Unplug the transmission wiring to body harness. Unclip it from the crossmember, and move the body harness out of harms way.

Unhook the shifter cable from the tranny lever, remove the shifter cable bracket and move cable out of harms way.

Remove the cooler lines (2) from the passenger side of the trans. Use a crowfoot wrench or they may round off. I believe they are 1/2".

Replace the converter drain plug.

Remove the torque converter/flex plate bolt cover and, while rotating engine appropriately, remove the nuts retaining the convertor (4). Press back on the converter studs and make certain it is free of the flex plate.

Remove all bellhousing bolts but two - one on each side.

Place a jack under the trans, centered about 1" back from the front of the pan. I use the aforementioned piece of wood to protect the pan and help distribute the load evenly.

Jack up the trans slightly, and remove the crossmember.
Remove the remaining bellhousing bolts.

Pray you can detach the tranny from the engine easily. Some models apparently had some kind of corrosive sealer applied that makes separating them a real *****.

Carefully move the jack and trans rearward until the torque converter clears the engine. Lower it to the ground, make sure nothing hangs or tears. You may have to jockey the lowering/moving routine to get things clear.

If you left the minimum clearance of 18", slide an old piece of carpet under the car, and slide the trans. off of the jack and onto the carpet. If you left enough room, (18" + jack pad height) you can just roll the hole mess out from under the front of the car. Otherwise, slide it out on the carpet. It is HEAVY!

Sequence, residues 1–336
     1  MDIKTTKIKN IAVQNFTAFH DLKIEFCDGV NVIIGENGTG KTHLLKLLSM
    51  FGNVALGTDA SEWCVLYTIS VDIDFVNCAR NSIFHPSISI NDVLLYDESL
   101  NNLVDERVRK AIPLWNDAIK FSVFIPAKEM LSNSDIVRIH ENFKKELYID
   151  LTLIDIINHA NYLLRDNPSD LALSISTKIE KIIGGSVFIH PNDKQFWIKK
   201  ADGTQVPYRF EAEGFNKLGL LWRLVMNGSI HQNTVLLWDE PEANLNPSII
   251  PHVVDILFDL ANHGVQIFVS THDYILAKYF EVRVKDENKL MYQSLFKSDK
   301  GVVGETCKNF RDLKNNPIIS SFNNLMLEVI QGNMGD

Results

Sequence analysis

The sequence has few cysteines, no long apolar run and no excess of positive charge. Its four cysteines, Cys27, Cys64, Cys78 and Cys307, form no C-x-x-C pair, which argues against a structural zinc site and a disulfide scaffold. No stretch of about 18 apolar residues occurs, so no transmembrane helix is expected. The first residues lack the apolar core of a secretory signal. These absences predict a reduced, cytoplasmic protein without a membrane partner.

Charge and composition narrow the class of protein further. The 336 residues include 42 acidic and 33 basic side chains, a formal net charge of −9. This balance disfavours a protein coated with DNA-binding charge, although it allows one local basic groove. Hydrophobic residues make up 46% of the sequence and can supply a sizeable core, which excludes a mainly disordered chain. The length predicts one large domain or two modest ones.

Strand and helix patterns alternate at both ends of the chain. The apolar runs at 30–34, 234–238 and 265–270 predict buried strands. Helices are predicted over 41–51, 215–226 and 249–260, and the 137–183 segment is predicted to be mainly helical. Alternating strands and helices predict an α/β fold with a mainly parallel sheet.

Remove the torque converter and immediately COVER THE pump drive shaft (hole).
Anything that gets in there can destroy the converter/transmission at a later date.

Reverse the procedure to replace.
I believe this is a complete step by step procedure.

Good Luck,
Greg
 

·
Registered
Joined
·
306 Posts
There is one omission in the above text...

Remove the two driveshaft hoops from the body before removing the driveshaft.

Another thing. I'm uncertain as the the new models, but the older T-Birds have a maddening mix of Metric and SAE (US) bolts holding various things together. Hope you have a complete set of BOTH before starting this job. All the tranny internals are Metric, but the cooler lines and the shifter cable bracket are SAE. On the crossmember, the end bolts are SAE, but the big center support bolt is metric. And if I recall correctly, the mount to transmission bolts are SAE. Cripes!
 

·
Registered
Joined
·
168 Posts
Discussion Starter #9
Holy crap, thanks for the detailed rundown!! :eek: You guys are awesome, thanks a million! :thumbsup:


-Brian.
 

·
Registered
Joined
·
306 Posts
Fathead.97.LX said:
Holy crap, thanks for the detailed rundown!! :eek: You guys are awesome, thanks a million! :thumbsup:
-Brian.
It was fresh in my memory, having just performed such an operation.
Maybe the text will make it into the "Technical Info" pages of infamy... :znanner:

Besides, I just couldn't resist helping out someone in MN - I hear about it all the time from my better half... :cool: Personally, I would freeze to death there - Florida is more my speed.

Now maybe someone will answer MY question about the one piece teflon output shaft/direct clutch and input shaft/pump seals on a 4R70W... :bangwall:

Good Luck with your Project! :zbeer: And don't forget those sturdy jack stands!
Greg
 

·
Registered
Joined
·
168 Posts
Discussion Starter #11
lol, thanks Greg...everybody freezes to death here, we just don't admit it. ;)

--Brian.
 

·
The Parts Guy
Joined
·
7,360 Posts
I have one 4.6L style 4R70W left in stock right now. If you're interested in it, shoot me an email at [email protected].

-Rod
 

·
Registered
Joined
·
3,178 Posts
you could drop the gas tank (done that once)..or you could just undo 6 bolts that hold the diff in place, and slide the driveshaft back... its a whole lot easier that way.
 
1 - 13 of 13 Posts
Top